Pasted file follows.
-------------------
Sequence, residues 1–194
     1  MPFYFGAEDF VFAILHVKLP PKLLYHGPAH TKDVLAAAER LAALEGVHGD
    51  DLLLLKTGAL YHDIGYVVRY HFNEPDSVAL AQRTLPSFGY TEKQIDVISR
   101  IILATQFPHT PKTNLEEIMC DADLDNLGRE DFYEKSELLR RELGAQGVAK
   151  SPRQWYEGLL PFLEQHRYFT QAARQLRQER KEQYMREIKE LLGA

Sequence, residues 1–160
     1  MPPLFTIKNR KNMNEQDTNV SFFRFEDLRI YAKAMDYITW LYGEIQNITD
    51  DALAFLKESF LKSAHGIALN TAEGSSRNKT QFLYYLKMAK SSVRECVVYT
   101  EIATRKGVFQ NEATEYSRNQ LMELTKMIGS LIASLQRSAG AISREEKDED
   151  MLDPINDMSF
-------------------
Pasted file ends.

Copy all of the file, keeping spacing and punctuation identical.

Sequence, residues 1–194
     1  MPFYFGAEDF VFAILHVKLP PKLLYHGPAH TKDVLAAAER LAALEGVHGD
    51  DLLLLKTGAL YHDIGYVVRY HFNEPDSVAL AQRTLPSFGY TEKQIDVISR
   101  IILATQFPHT PKTNLEEIMC DADLDNLGRE DFYEKSELLR RELGAQGVAK
   151  SPRQWYEGLL PFLEQHRYFT QAARQLRQER KEQYMREIKE LLGA

Sequence, residues 1–160
     1  MPPLFTIKNR KNMNEQDTNV SFFRFEDLRI YAKAMDYITW LYGEIQNITD
    51  DALAFLKESF LKSAHGIALN TAEGSSRNKT QFLYYLKMAK SSVRECVVYT
   101  EIATRKGVFQ NEATEYSRNQ LMELTKMIGS LIASLQRSAG AISREEKDED
   151  MLDPINDMSF